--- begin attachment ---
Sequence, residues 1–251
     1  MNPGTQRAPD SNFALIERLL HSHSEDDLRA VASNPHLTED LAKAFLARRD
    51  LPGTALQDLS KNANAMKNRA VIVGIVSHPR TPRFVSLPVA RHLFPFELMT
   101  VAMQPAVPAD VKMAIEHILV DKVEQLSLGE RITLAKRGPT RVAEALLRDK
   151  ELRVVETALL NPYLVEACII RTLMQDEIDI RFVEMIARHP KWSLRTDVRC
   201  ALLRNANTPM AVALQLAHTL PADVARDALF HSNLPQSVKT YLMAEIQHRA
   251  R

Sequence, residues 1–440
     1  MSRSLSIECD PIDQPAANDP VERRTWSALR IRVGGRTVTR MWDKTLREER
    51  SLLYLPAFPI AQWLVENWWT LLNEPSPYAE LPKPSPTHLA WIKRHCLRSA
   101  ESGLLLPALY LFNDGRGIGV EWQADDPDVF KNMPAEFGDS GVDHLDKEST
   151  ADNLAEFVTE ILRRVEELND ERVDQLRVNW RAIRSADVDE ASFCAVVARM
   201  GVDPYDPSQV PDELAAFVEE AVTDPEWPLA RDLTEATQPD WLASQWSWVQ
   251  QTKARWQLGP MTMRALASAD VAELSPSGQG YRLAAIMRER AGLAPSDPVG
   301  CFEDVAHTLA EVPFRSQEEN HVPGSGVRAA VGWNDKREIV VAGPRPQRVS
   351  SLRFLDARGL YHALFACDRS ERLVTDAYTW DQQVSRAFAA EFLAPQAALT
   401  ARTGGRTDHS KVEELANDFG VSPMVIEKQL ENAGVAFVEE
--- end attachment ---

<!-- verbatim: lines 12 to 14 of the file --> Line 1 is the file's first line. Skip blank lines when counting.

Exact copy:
   151  ADNLAEFVTE ILRRVEELND ERVDQLRVNW RAIRSADVDE ASFCAVVARM
   201  GVDPYDPSQV PDELAAFVEE AVTDPEWPLA RDLTEATQPD WLASQWSWVQ
   251  QTKARWQLGP MTMRALASAD VAELSPSGQG YRLAAIMRER AGLAPSDPVG